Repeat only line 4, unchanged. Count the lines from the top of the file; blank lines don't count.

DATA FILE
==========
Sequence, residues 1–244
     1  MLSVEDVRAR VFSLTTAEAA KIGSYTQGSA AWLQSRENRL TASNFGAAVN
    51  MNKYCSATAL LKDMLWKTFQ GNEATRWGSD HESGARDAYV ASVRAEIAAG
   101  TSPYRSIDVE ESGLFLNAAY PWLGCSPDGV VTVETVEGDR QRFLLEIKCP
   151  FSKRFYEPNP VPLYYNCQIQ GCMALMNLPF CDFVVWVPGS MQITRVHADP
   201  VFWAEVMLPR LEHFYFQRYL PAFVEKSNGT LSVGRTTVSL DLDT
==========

   101  TSPYRSIDVE ESGLFLNAAY PWLGCSPDGV VTVETVEGDR QRFLLEIKCP